If you’ve ever been in a group mental health setting, you’ll quickly realize something: the people with depression quickly achieve “most normal” high status, followed by those with anxiety, then those with a mix of depression and anxiety. I know those with depression and anxiety have rallied for years for representation and less marginalization, and I’m telling y’all, you basically have it in an IOP, therapist’s office, or mental hospital. Then, most people hate bipolar people because they have a fucked up mom or kid who can’t do jack shit. This is in the mental health facility. Still in the facility, the descending rung is borderline personality disorder, because those people WILL fuck you up and run off with your wife or something? Give you heroin? And way down, low in the mud, not even on the ladder, are the folks on the schizophrenia spectrum.

Yes, tumblr, I hate to tell you that there are disorders more than anxiety and depression. I would love to tell you that there isn’t prejudice and privilege within the mental health community. But as within any community, from the disabled to mental health, there is.

You have high functioning and low functioning, moderate to severe. People who are guaranteed to fuck you up. I’m not saying moderate depression or high functioning anxiety are cake walks but they’re walks in the park compared to the schizophrenias. This is due in part to representation. People who are “more capable” have the tools to have more of a voice and gain more respect from their communities. Stigma is generated for other mental health groups due to lack of resources to advocate for themselves.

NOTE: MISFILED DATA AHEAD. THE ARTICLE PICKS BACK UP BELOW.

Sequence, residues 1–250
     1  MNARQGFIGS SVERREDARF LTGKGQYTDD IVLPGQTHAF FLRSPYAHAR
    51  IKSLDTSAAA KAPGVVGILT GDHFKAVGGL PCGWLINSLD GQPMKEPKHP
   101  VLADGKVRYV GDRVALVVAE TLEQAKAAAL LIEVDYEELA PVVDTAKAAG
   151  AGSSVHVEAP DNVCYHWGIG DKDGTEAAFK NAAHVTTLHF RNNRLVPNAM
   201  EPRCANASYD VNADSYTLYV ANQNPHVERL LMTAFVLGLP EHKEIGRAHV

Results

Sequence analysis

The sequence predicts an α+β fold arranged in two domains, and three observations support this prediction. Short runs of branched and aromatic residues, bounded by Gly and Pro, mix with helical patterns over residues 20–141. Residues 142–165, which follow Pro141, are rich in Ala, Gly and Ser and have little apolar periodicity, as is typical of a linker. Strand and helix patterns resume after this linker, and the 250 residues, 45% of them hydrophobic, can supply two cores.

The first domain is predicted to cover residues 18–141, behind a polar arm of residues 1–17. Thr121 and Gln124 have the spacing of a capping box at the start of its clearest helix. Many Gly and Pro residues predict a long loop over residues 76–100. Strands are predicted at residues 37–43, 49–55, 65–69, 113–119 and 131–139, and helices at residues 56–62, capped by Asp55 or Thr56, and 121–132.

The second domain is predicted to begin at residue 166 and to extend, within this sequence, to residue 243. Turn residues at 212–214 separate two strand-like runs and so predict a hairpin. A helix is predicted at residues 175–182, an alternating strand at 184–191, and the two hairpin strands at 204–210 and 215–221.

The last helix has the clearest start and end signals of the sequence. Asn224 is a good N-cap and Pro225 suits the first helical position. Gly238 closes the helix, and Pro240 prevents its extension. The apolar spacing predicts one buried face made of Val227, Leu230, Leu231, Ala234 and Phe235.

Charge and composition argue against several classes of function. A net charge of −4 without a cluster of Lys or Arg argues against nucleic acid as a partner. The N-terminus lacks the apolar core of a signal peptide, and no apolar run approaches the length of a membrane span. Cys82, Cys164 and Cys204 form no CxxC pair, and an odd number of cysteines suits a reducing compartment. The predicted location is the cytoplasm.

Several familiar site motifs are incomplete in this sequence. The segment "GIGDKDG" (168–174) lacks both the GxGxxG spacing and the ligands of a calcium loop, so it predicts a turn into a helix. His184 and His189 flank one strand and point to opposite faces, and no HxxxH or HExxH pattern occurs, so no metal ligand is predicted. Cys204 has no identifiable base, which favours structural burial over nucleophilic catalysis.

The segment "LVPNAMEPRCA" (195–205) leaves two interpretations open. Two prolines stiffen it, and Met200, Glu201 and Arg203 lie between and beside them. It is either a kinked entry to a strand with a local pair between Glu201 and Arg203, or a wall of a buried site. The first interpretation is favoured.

Typically speaking, if you have time to advocate for yourself, you aren’t working. Which leads to scrutiny from society at large. Unless you can make it your job to be an activist, mental health of any kind gets swept under the rug.

Consider all the spectrums. You’re on one. I’m on several. We’re 15 billion different colors of rainbows. Let’s coexist.

Mental Health Awareness Month AKA My Life: Why I Am Thankful For Every Night I Spend With My Husband

I suffer from an extreme form of fibromyalgia, which gives me constant pain and even worse pain flares, and post-traumatic stress disorder, which can turn ordinary life experiences into nightmares. Because of this living my life is a bit like Russian roulette: you play your cards but there’s always a price, no matter how they’re dealt. You’re never sure when you’ll get shot, either.

My husband and I have an extra bedroom, and during pain flares I often find myself retreating there to avoid skin-on-skin contact. Even worse is when my PTSD is acting up, or when my pain and PTSD are going bananas at the same time. The spare room is my hidey-hole. It’s right next to my office, and it makes a sort of blanket fort.